Sufism, or Tasawwuf as it is known in the Muslim world, is Islamic mysticism (Lings, Martin, What is Sufism?, The Islamic Texts Society, 1999, pg 15).
Non-Muslims often mistake Sufism as a sect of Islam. Sufism is more accurately described as an aspect or dimension of Islam. Sufi orders (Tariqas) can be found in Sunni, Shia and other Islamic groups. Most of Sunni Sufism while almost entire Shia Sufism revolve around the family of Prophet Muhammad, particularly his cousin and son in law Ali ibn Abi Talib and his descendants. Ibn Khaldun, the 14th century Arab historian, described Sufism as:
… dedication to worship, total dedication to Allah most High, disregard for the finery and ornament of the world, abstinence from the pleasure, wealth, and prestige sought by most men, and retiring from others to worship alone.
Ibn Khaldun, quoted in Keller, Nuh Ha Mim, The Place of Tasawwuf in Traditional Islam, http://www.masud.co.uk, 1995
Ibn Khaldun’s words are an accurate description of Sufis today.
Sufis are emphatic that Islamic knowledge should be learned from teachers and not exclusively from books. Tariqas can trace their teachers back through the generations to the Prophet himself. Modelling themselves on their teachers, students hope that they too will glean something of the Prophetic character.
Although Sufis are relatively few in number they have shaped Islamic thought and history. Through the centuries Sufis contributed hugely to Islamic literature for example Rumi, Omar Khayyám and Al-Ghazali’s influence extended beyond Muslim lands to be quoted by Western philosophers, writers and theologians. Sufis were influential in spreading Islam particularly to the furthest outposts of the Muslim world in Africa, India and the Far East.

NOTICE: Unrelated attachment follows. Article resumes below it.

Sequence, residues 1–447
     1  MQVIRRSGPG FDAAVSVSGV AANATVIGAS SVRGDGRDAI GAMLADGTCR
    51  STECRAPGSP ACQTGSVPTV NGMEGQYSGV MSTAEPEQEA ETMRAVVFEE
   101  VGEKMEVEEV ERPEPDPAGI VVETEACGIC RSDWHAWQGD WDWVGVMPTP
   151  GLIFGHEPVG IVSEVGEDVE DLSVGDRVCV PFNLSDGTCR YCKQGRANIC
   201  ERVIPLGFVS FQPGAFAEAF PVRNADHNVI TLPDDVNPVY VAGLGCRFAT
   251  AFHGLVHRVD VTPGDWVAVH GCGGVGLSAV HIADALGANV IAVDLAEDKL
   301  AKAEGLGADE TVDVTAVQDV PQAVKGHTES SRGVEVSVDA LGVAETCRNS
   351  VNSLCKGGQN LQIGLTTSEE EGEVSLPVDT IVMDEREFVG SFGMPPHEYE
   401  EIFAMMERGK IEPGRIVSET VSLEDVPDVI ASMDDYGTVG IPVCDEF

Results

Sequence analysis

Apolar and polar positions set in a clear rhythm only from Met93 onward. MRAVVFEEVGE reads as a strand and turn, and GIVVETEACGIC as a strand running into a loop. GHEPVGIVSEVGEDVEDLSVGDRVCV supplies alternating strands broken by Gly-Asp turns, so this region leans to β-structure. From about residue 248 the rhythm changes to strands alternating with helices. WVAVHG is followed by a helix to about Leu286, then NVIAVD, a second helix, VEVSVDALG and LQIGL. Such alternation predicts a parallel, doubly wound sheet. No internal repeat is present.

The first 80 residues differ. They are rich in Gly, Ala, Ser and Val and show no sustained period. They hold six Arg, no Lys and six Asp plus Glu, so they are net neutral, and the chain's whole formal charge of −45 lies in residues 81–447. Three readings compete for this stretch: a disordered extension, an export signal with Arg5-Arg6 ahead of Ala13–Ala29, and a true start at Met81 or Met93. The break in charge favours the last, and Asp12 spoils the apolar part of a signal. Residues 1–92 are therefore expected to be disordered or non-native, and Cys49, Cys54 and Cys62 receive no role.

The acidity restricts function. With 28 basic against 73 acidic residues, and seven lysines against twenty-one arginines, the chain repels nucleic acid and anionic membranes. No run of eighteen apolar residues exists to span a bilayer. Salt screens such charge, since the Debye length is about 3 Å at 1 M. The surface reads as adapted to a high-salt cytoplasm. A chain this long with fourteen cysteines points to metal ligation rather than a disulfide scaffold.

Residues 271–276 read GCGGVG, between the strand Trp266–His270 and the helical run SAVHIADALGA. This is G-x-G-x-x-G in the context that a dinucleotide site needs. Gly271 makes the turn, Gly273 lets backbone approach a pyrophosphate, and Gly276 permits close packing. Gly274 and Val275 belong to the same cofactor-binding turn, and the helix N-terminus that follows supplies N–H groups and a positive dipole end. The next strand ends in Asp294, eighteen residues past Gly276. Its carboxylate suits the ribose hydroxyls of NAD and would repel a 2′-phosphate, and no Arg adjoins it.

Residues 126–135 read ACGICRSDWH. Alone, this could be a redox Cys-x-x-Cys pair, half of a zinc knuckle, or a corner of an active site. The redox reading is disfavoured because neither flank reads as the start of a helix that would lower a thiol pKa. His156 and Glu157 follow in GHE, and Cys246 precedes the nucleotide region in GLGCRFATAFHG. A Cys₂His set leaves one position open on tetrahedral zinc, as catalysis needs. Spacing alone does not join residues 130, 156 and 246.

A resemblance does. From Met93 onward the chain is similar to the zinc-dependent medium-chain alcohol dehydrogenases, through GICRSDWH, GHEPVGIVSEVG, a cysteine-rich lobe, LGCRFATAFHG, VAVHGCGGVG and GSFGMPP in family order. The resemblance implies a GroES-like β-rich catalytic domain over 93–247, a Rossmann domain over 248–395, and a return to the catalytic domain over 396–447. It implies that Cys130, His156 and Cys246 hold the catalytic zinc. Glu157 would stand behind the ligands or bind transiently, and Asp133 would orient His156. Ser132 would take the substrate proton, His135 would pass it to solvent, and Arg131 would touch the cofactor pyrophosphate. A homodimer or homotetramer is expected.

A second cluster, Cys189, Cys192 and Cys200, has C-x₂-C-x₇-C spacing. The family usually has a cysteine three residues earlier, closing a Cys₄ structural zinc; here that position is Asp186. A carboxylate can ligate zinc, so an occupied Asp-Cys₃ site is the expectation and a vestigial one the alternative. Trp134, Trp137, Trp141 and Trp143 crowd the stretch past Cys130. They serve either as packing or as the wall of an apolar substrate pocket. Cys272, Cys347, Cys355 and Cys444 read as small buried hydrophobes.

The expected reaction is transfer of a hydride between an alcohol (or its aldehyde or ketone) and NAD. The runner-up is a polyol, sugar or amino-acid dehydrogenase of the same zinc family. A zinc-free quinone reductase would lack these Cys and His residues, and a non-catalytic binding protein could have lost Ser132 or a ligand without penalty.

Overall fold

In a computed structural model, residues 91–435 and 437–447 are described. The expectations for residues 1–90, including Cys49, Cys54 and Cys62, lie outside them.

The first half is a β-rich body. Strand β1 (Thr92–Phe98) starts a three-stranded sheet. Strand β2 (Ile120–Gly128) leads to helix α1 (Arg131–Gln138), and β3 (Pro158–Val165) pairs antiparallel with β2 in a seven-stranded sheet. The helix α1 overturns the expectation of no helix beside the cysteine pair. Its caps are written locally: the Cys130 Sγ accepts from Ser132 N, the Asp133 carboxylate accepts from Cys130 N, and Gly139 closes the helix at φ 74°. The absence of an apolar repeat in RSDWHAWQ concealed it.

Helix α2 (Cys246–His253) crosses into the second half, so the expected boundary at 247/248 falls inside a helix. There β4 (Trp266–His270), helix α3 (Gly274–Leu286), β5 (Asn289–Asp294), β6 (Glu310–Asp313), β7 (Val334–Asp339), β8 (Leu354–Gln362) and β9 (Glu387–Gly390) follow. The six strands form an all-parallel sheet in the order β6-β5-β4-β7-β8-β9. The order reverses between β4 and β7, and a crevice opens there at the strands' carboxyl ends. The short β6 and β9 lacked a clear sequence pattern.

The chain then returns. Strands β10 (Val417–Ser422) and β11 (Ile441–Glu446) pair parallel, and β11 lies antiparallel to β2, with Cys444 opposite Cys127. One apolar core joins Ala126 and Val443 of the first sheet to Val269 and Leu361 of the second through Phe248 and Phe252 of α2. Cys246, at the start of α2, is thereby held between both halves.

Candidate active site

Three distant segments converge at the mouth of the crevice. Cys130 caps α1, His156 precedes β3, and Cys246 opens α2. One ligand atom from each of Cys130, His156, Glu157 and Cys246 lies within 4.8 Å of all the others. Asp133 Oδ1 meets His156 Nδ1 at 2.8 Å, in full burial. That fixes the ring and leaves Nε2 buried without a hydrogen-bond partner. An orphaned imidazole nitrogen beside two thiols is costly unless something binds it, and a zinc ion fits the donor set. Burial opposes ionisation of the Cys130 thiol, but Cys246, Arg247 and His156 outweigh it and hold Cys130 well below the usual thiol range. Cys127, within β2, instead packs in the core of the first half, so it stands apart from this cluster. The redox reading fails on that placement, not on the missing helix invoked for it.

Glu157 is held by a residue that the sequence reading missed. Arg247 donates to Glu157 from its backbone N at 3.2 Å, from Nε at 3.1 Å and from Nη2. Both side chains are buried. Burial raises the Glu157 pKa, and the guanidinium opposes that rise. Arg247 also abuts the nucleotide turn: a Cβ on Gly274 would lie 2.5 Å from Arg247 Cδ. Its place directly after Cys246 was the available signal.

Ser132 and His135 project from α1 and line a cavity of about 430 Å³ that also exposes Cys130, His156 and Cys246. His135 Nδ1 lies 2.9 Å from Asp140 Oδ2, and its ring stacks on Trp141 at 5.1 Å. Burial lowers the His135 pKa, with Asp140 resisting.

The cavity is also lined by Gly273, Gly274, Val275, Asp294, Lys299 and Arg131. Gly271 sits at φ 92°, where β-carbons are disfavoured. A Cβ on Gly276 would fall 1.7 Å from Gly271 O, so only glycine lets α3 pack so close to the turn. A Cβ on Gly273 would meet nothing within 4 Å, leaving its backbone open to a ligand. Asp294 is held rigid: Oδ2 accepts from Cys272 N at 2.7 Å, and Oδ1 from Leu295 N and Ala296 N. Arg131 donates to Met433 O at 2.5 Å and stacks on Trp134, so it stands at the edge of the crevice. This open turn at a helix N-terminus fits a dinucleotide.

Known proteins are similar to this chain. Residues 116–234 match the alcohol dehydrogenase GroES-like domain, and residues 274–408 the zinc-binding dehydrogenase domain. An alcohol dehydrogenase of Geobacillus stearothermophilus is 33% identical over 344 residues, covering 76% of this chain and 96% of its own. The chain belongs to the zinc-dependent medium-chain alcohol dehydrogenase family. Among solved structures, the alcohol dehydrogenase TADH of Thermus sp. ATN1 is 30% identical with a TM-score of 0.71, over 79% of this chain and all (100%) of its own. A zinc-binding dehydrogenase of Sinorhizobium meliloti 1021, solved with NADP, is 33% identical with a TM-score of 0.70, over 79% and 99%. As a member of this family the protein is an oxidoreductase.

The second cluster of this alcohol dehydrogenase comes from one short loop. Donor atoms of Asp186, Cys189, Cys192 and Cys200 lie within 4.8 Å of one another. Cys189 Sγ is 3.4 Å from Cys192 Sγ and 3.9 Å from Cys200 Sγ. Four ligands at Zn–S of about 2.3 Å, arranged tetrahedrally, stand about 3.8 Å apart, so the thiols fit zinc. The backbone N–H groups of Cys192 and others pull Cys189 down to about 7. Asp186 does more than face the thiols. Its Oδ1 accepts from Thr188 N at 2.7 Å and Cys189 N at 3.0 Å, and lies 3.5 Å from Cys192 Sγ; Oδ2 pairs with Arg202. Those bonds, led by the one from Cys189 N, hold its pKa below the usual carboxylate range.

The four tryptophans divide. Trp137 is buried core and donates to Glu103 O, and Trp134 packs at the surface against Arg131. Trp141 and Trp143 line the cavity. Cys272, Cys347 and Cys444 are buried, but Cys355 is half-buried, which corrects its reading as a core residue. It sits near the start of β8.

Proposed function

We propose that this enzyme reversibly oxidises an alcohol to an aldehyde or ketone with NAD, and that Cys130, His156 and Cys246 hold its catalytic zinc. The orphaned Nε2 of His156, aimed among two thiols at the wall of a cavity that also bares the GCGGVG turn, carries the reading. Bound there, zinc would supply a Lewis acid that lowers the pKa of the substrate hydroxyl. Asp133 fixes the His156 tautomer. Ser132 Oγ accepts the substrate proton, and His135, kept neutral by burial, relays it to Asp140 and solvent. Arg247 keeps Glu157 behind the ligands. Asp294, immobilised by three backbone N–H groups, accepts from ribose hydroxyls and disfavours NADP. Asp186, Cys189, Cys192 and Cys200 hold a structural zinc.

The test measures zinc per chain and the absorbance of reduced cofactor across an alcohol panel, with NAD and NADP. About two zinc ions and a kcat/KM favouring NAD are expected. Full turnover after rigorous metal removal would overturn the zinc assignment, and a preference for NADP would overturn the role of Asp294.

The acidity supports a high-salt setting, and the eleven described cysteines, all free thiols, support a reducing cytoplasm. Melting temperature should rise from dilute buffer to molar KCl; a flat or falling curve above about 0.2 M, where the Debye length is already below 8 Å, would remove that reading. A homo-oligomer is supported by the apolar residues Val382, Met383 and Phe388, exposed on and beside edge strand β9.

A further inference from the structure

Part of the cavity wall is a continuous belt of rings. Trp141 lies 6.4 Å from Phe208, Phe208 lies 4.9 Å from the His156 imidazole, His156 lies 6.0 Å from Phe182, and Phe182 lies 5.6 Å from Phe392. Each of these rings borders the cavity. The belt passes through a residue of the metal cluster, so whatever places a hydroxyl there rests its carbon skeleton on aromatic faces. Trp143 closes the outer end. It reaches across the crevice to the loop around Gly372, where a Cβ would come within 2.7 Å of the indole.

History and theology
History and theology
Several origins of the word ‘sufi’ have been suggested. It may derive from the word for ‘wool’ and the woollen garments worn by early Sufis. It may also have connections with the word for ‘purity’ and another suggestion is that it has links with the Greek ‘sophia’ or wisdom.
However throughout history a Sufi was most often understood to be a person of religious learning who aspires to be close to Allah. They understand their purpose in life from the verse of the Qur’an:
I created the Jinns and humankind only that they may worship me
In pursuit of this goal of worshipping Allah, Sufis belong to Tariqas, or orders, established in the first few centuries after the Prophet’s death. These orders have a master who will teach sacred knowledge to others in the group.
Although Tariqas have a long history, in recent times some Muslims have questioned the necessity of Tariqas arguing that they were alien to the Prophet himself. Sufis make a convincing defence from the Qur’an and Sunna (what the Prophet said, did, agreed to or condemned).
Sufis acknowledge that Tariqas were not established at the time of the Prophet. They consider that the Prophet his companions and their immediate successors, the first three generations, embodied Islamic mysticism but the phenomenon was too general to have a specific name. Later generations of Muslims became distracted by worldliness and so those, now in the minority, that were dedicated to worshipping Allah were given the name Sufi. This turn of events was eloquently described in the 10th Century by Abu l-Hasan Fushanji who said:
Today Sufism is a name without a reality. It was once a reality without a name.
Abu l-Hasan Fushanji, quoted in Lings, Martin, What is Sufism?, The Islamic Texts Society, 1999, pg 45
Although the word Sufism is absent from prophetic speech, it’s believed Sufism’s place in Islam is described by the Prophet:
Umar ibn al-Khattab, a companion of the prophet, said: